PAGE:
|The Top Ten
in The US
according to CreditDonkey.com
5. Salt Lake City
7. Kansas City Missouri
8. Oklahoma City
9. San Jose Ca.
But the study also considered Buffalo's decent average wage, the scarcity of bad bosses, and low worker frustration, which they figured had to be low because -- there aren't too many people around here employed in fixing office equipment.
The study is in stark contrast to some others where Buffalo usually doesn't fare too well: Forbes Magazine has called Buffalo one of America's fastest dying cities, and one of America's most miserable cities.
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The site says Rochester was picked as number one because of "nice short commutes - which counts for a lot in our book - and the unemployment rate is better than many places in the United States."
"Good wages and good bosses are plusses. And then there are the hots - you haven’t lived until you’ve had one." the study's authors wrote.
Here's what CreditDonkey.com
wrote about Buffalo
and the factors
they cite in the ranking.
|" Two of the greatest things about Buffalo are the chicken wings and the commute, which is only 20.9 minutes! That leaves plenty of wing-consumption time, though you’ll have to be sure to do it off the clock so you don’t get fired (with a 6.5% unemployment rate, it’s relatively hard to find another job there)."||
VERBATIM: Here's the announcement from CreditDonkey.com
See their full report here.
People often dream of escaping to the “big city” to pursue their dreams of being actors/rock stars/writers/corporate raiders. The idea is alluring, after all: power lunches at fancy restaurants, memberships at country clubs, hobnobbing at big galas - they’re all part of the fantasy.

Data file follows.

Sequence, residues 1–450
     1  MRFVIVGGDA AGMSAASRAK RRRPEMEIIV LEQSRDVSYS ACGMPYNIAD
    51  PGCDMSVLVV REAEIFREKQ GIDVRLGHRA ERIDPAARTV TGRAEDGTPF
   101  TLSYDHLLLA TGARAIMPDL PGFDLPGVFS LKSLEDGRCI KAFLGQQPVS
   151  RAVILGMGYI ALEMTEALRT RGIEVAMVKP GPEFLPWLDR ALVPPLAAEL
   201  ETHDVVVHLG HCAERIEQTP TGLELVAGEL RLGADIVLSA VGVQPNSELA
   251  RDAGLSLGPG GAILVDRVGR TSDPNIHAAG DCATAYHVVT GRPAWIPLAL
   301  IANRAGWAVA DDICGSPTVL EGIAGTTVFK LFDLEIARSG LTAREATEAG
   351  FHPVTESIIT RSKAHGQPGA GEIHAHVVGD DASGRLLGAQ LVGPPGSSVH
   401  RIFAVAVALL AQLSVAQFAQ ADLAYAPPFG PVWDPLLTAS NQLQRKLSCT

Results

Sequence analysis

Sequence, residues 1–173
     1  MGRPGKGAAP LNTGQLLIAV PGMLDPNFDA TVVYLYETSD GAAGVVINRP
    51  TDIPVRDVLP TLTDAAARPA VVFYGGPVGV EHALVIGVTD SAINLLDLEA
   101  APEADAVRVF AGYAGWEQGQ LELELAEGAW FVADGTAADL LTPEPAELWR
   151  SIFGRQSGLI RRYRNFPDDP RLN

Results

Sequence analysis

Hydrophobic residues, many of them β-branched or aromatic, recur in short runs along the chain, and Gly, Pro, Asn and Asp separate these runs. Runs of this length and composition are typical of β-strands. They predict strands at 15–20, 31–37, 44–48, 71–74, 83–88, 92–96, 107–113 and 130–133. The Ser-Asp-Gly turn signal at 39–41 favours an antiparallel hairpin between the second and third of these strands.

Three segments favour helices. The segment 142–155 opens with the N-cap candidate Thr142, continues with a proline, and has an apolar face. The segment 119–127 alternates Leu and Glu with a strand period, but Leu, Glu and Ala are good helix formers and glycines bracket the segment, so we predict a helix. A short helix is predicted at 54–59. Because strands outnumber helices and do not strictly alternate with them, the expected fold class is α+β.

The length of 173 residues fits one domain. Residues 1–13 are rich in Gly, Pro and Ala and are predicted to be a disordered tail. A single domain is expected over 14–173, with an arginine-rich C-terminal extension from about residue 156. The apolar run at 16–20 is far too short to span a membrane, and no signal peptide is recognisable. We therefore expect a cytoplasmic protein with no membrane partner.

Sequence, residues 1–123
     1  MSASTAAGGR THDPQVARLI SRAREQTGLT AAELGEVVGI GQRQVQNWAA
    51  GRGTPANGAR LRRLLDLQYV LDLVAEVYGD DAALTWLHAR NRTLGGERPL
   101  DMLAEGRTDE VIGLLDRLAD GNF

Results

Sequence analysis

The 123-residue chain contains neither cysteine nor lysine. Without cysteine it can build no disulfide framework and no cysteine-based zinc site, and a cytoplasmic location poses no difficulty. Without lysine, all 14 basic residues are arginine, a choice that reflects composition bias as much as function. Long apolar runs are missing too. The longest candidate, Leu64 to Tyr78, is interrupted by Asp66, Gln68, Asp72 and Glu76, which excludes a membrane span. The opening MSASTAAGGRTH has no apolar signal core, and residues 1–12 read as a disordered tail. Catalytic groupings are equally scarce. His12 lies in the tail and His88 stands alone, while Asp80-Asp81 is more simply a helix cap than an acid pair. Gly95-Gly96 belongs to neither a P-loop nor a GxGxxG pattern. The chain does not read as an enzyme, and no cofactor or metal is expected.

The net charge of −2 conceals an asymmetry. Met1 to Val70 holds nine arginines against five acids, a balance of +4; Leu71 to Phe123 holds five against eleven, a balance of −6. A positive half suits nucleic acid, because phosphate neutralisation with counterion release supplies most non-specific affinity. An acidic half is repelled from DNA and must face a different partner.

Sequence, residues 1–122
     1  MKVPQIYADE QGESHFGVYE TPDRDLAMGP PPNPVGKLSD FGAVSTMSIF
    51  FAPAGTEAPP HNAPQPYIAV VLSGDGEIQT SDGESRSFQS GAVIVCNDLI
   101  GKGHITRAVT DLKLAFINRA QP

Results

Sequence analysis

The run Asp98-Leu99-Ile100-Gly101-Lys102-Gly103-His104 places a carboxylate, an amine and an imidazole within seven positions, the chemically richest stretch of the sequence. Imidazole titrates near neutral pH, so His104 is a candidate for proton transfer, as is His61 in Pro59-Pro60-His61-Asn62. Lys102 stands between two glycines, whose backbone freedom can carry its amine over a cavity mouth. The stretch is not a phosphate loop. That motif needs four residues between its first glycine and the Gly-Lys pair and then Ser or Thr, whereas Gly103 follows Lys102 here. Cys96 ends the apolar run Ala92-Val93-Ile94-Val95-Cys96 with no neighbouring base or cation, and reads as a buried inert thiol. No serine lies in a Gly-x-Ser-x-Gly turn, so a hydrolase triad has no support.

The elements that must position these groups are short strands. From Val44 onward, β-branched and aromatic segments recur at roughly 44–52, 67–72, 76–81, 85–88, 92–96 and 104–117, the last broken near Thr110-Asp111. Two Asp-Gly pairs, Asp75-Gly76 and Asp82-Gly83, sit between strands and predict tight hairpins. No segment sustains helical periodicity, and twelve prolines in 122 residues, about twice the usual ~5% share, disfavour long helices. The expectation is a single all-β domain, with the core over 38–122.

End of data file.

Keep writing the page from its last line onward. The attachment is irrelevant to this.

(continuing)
But those who have gone before you in that journey to the big city may advise caution. Think of the traffic on that six-lane freeway, they’ll warn. The cost of living might be high, they’ll caution. The people will be unfriendly, or the jobs hard to get, they’ll say.
Sure, all that may be true. But, with some digging, we were able to find big cities that defy the stereotype and are filled with a higher proportion of happy workers. Here’s what we found when we looked at metropolitan statistical areas with at least a million people.
From our perspective, five things make for happy workers:
First, we looked at unemployment rates for metropolitan areas from the Bureau of Labor Statistics. We figured that a low unemployment rate means it’s relatively easy to find another job.
Few things are worse than sitting in traffic for two hours every day, which is why we looked at the most recent U.S. Census data for daily commute time and gave it twice the weight in our scoring. As suspected, people in New York have it the worst with an average 34.9 minutes to work each way.
We all have stories about hateful copiers and hellish computers that drove our productivity levels down the drain. The more employers keep these clunky things around, the more people they need to repair them. So we factored in the Bureau of Labor Statistics “Computer, Automated Teller, and Office Machine Repairers” occupation category, the more repairers per 10,000 residents, the higher the presence of poorly functioning office equipment. We gave this measure – our “Frustration Index” – half the weight, because a lame boss, bad pay, or a lousy commute usually outweighs constant paper jams or pleas for toner. From this we learned that Cleveland is one of the most frustrating places in America when it comes to office equipment.
Last, but not least, on the list of things that make work bearable is a nice boss. That’s hard to measure, but nothing raises the “nitwit” red flag like a complaint to the Equal Employment Opportunity Commission. This federal agency keeps track of all of the charges involving sexual harassment and retaliation, as well as racial, national origin, religious, age, and disability discrimination. Ironically, the home of the EEOC (Washington, D.C.) gets the top dishonor.